5 Questions with infamous gay rapper Johnny Dangerous

Johnny Dangerous is more sassy than he is dangerous on a normal day, but put a mic in his hand and he transforms into something like the gay version of Eminem. No one is safe from this Minnesota boy when he's on stage -- not his peers, not the gay media, not even you. This weekend he comes home to play the Hip-Hop Against Homophobia show at the Bedlam on the West Bank (our friends at Culture Bully have the info here), and so we plucked Johnny from a dark alley to ask him a few questions before sending him back to into the depths of Dangerousness.

Gimme Noise: First, the question we always ask, what are your current projects and what are you excited about? 
Johnny Dangerous: I just dropped the video for "(Wan Dat) Azz Iz" on the MTV/Logo network, along with a maxi-single of hot dance remixes on iTunes. In addition to performing in Minneapolis this weekend, I'll be in L.A. next weekend playing and promoting the release of "Pick Up The Mic" on DVD. I'm also releasing an R-rated video called "Hotline," with more dance remixes to follow! Check out all the details on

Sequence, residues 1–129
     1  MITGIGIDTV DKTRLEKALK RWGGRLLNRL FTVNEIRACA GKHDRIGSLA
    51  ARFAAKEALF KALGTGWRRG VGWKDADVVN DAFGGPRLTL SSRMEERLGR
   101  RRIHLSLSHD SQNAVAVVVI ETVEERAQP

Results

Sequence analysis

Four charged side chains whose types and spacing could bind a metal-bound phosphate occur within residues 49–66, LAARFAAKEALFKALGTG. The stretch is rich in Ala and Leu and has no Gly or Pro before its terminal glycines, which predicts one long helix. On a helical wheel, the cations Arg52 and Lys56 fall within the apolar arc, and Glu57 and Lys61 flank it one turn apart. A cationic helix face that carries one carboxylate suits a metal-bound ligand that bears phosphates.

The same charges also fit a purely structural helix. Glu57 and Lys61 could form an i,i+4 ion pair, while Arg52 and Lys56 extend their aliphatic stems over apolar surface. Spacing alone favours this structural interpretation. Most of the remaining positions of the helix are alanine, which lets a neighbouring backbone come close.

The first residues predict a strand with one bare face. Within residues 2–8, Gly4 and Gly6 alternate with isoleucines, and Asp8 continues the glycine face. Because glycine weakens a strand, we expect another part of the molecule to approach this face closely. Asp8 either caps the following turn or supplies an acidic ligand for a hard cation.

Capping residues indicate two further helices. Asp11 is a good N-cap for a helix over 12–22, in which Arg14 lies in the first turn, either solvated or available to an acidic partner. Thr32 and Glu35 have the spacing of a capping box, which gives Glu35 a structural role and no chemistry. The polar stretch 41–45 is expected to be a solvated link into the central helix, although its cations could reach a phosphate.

GN: Tell us something crazy that happened on one of your infamous video shoots. 

JD: Well, during the filming of "Take Your Man" I had to straddle this guy on the bed. We were both wearing underwear, and when I was done grinding and doing my part for the camera, I got up and he had a raging hard-on that popped out of his boxers, along with a single ball! LOL. It was crazy! The whole hetero filming crew really got a kick out of it.

GN: You have MPLS roots. Is that where you first came out? 

JD: Yep. I was born and raised in Crystal, Minnesota, a northwestern suburb about 10 minutes from downtown. 

GN: You're pretty vocal about homophobia in hip-hop... do you take issue with certain rappers or subgenres? 

JD: Rap was (and still is) partially homophobic in nature, from even early on when it began in the 80s. It doesn't really bother me when certain rappers use the word "faggot," because they aren't necessarily talking about a man's sexuality, nor are they speaking directly to me. People invest so much stock into words, I'd rather judge people on what they show me rather than what they say. You can't change other people's minds or their beliefs, but you can offer a different point of view-and it's up to the listener to chose what side of story they'd rather hear about.  

GN: Who inspires you most? 

JD: I draw inspiration from a little bit of everybody. I listen to some electro artists, other gay hip hop artists... But most of my influence comes from old school hip hop records; Roxanne Shante, Big Daddy Kane, JJ Fad, Salt N Pepa, the Beastie Boys... Music was so much fun back then, and I'm really glad that I don't get burnt out on the nostalgia of it since I listen to it all the time.